This chapter describes the treatment of financial subsidiaries within banking groups subject to the Basel framework.

Effective as of: 15 Dec 2019 | Last update: 15 Dec 2019
Status: Current (View changes)



To the greatest extent possible, all banking and other relevant financial activities1 (both regulated and unregulated) conducted within a group containing an internationally active bank will be captured through consolidation. Thus, majority-owned or -controlled banking entities, securities entities (where subject to broadly similar regulation or where securities activities are deemed banking activities) and other financial entities2 should generally be fully consolidated. The treatment of minority interests and other capital issued out of consolidated subsidiaries that is held by third parties is set out in CAP10.

2 Footnotes

There may be instances where it is not feasible or desirable to consolidate certain securities or other regulated financial entities. This would be only in cases where such holdings are acquired through debt previously contracted and held on a temporary basis, are subject to different regulation, or where non-consolidation for regulatory capital purposes is otherwise required by law. In such cases, it is imperative for the bank supervisor to obtain sufficient information from supervisors responsible for such entities.


If any majority-owned securities and other financial subsidiaries are not consolidated for capital purposes, all equity and other regulatory capital (or, if applicable, other total loss-absorbing capacity) investments in those entities attributable to the group will be deducted (as described in CAP30), and the assets and liabilities, as well as third-party capital investments in the subsidiary will be removed from the bank’s balance sheet. Supervisors will ensure that an entity that is not consolidated and for which the capital investment is deducted meets regulatory capital requirements. Supervisors will monitor actions taken by the subsidiary to correct any capital shortfall and, if it is not corrected in a timely manner, the shortfall will also be deducted from the parent bank’s capital.


Significant minority investments in banking, securities and other financial entities, where control does not exist, will be excluded from the banking group’s capital by deduction of the equity and other regulatory investments (as described in CAP30). Alternatively, such investments might be, under certain conditions, consolidated on a pro rata basis. For example, pro rata consolidation may be appropriate for joint ventures or where the supervisor is satisfied that the parent is legally or de facto expected to support the entity on a proportionate basis only and the other significant shareholders have the means and the willingness to proportionately support it. The threshold above which minority investments will be deemed significant and be thus either deducted or consolidated on a pro-rata basis is to be determined by national accounting and/or regulatory practices. As an example, the threshold for pro-rata inclusion in the European Union is defined as equity interests of between 20% and 50%.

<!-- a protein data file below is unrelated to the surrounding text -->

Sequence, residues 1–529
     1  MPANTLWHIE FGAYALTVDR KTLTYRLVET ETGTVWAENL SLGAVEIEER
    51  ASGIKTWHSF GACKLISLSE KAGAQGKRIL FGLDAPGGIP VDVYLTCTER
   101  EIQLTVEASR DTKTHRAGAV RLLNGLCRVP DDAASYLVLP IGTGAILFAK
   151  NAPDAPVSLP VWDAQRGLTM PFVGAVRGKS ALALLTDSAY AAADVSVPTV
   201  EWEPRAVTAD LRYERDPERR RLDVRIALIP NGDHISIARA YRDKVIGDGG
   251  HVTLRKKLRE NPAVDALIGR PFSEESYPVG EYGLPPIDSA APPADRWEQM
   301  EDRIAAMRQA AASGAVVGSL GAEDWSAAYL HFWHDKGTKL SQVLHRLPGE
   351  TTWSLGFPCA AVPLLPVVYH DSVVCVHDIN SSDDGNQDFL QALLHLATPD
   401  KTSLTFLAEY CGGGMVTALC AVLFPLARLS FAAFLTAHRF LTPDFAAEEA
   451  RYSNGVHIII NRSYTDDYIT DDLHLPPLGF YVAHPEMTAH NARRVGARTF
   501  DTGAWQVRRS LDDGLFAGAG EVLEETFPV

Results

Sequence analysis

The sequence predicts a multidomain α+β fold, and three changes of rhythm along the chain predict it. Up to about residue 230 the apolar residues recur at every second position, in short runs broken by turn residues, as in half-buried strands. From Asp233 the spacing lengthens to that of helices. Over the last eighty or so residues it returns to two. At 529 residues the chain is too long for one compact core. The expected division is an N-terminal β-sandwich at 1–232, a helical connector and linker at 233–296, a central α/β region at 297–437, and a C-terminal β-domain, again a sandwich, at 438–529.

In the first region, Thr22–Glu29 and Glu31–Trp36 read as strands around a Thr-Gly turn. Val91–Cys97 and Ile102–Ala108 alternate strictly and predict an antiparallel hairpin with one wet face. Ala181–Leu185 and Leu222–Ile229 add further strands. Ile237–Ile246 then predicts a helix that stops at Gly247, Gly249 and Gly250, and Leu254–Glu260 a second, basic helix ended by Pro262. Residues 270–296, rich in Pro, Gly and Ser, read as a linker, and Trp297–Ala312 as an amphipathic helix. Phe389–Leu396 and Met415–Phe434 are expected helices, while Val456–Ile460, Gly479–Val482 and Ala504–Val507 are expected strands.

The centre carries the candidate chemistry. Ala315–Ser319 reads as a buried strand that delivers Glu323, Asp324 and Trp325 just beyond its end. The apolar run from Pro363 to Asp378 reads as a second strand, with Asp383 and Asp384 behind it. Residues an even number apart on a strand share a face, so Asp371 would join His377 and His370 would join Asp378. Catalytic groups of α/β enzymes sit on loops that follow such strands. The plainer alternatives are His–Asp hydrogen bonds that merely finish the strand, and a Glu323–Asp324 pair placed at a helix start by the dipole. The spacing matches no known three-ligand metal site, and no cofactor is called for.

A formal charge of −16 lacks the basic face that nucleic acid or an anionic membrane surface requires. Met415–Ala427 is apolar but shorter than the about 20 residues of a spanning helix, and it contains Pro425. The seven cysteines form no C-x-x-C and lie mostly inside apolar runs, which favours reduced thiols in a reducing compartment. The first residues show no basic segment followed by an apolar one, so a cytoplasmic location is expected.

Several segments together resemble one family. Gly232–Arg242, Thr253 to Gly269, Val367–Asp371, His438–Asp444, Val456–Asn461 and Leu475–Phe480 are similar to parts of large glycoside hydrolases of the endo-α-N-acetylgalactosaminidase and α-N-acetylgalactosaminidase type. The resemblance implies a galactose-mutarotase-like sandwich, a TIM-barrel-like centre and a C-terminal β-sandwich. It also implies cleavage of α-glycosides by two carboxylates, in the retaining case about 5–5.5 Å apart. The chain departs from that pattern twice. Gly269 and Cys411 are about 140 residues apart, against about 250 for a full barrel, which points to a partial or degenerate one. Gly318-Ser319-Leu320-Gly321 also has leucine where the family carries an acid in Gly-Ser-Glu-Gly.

Insurance entities


A bank that owns an insurance subsidiary bears the full entrepreneurial risks of the subsidiary and should recognise on a group-wide basis the risks included in the whole group. When measuring regulatory capital for banks, the Committee believes that it is, in principle, appropriate to deduct banks’ equity and other regulatory capital investments in insurance subsidiaries and also significant minority investments in insurance entities. Under this approach the bank would remove from its balance sheet assets and liabilities, as well as third party capital investments in an insurance subsidiary. The bank’s equity or other capital investment in the insurance subsidiary is then treated according to CAP30.21 to CAP30.34. Alternative approaches that can be applied should, in any case, include a group-wide perspective for determining capital adequacy and avoid double counting of capital. Banks should also disclose the national regulatory approach used with respect to insurance entities in determining their reported capital positions (see DIS30).


The capital invested in a majority-owned or -controlled insurance entity may exceed the amount of regulatory capital required for such an entity (surplus capital). Supervisors may permit the recognition of such surplus capital in calculating a bank’s capital adequacy, under limited circumstances and subject to disclosure (see DIS30).3 National regulatory practices will determine the parameters and criteria, such as legal transferability, for assessing the amount and availability of surplus capital that could be recognised in bank capital. Other examples of availability criteria include: restrictions on transferability due to regulatory constraints, to tax implications and to adverse impacts on external credit assessment institutions’ ratings. Where a bank does not have a full ownership interest in an insurance entity (eg 50% or more but less than 100% interest), surplus capital recognised should be proportionate to the percentage interest held. Surplus capital in significant minority-owned insurance entities will not be recognised, as the bank would not be in a position to direct the transfer of the capital in an entity which it does not control.

1 Footnote

Supervisors will ensure that majority-owned or controlled insurance subsidiaries, which are not consolidated and for which capital investments are deducted or subject to an alternative group-wide approach, are themselves adequately capitalised to reduce the possibility of future potential losses to the bank. Supervisors will monitor actions taken by the subsidiary to correct any capital shortfall and, if it is not corrected in a timely manner, the shortfall will also be deducted from the parent bank’s capital.